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A. David Moody recently completed his magisterial three-volume biography of Ezra Pound, and after roughly 2000 pages, it’s perhaps understandable that Stockholm syndrome might be playing a part in his judgements. It’s the most charitable explanation for the sheer persistent drumbeat of exculpatory lies he tells about his subject all throughout the 600 pages of Ezra Pound: Poet — Volume III: The Tragic Years 1939-1972. There is, for example, no entry in the index to this third volume for “treason” — only “alleged treason.” And of Pound’s actions while living in Mussolini’s Italy, Moody grudgingly admits only that they “led inevitably to his being perceived as a traitor and a Fascist, when it truth he was neither.” More… “Still a Monster”

Steve Donoghue is a reader, editor, and writer living in Boston surrounded by books and dogs. He’s one of the founding editors of the literary journal Open Letters Monthly and the author of one of its book­blogs, Stevereads. HIs work has appeared in The National, the Washington Post, the Christian Science Monitor, and The Quarterly Conversation, among others. He tweets as @stdonoghue.

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My wife, the over-observant Shuffy, noticed a group of children playing with geometric shapes cut from pieces of black paper. The children were arranging these shapes on larger sheets of construction paper. The construction paper was lying on the floor of the Guggenheim Museum and the Guggenheim Museum was in the midst of its exhibit of Italian Futurism.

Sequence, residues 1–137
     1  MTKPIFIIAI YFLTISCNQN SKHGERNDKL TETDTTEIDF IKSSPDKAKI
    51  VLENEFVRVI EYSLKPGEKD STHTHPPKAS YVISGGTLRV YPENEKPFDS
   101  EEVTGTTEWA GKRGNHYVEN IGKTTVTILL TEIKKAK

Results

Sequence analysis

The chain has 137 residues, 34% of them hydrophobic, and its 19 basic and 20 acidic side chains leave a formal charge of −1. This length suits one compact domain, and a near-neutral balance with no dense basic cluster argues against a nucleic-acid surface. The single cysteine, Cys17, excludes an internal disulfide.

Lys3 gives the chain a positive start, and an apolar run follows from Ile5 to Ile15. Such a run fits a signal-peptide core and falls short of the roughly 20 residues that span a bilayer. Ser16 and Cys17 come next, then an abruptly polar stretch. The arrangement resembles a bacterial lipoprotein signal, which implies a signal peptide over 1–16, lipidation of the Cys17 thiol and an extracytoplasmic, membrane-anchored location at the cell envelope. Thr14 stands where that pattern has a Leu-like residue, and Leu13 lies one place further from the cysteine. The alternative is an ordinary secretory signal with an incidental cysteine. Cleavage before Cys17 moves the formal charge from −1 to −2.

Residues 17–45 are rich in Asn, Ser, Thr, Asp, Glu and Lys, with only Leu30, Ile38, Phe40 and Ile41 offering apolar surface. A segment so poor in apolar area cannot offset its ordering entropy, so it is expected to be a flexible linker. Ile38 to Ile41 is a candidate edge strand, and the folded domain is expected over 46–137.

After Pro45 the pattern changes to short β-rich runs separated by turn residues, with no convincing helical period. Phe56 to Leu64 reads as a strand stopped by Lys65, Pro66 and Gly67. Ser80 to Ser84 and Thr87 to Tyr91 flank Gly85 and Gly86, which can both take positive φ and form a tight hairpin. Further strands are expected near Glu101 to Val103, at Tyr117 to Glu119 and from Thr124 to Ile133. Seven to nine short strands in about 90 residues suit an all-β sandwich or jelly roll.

“Italian Futurism, 1909–1944: Reconstructing the Universe.” Through September 1. Solomon R. Guggenheim Museum, New York. 

One wonders what Filippo Tommaso Marinetti would have thought about these children. Marinetti (1876-1944) was the founder of Futurism. In 1909, he wrote a document that has since become the most famous testament of Futurism. It is known as The Futurist Manifesto. The fourth “principle” of Futurism states, infamously: “We declare that the splendor of the world has been enriched by a new beauty: the… More…

So 271 “new” Picassos have been discovered. They were living with a former electrician of Picasso’s, who claimed that, near the end of his life, the artist gave the works to him as gifts and as payment. Picasso’s heirs, of course, are suing and charging the man with theft.

Lost Lives, Lost Art: Jewish Collectors, Nazi Art Theft, and the Quest for Justice by Melissa Müller and Monika Tatzkow. 256 pages. Vendome Press. $40. The Hare with Amber Eyes: A Family’s Century of Art and Loss by Edmund de Waal. 368 pages. Farrar, Straus and Giroux. $26.

Two hundred seventy-one new works by Pablo Picasso, ranging from 1900 to 1932. New works from his blue period, a new portrait of his first wife, Olga. You can hear the auction houses warming up their gavels, can’t you? Scholars lining up… More…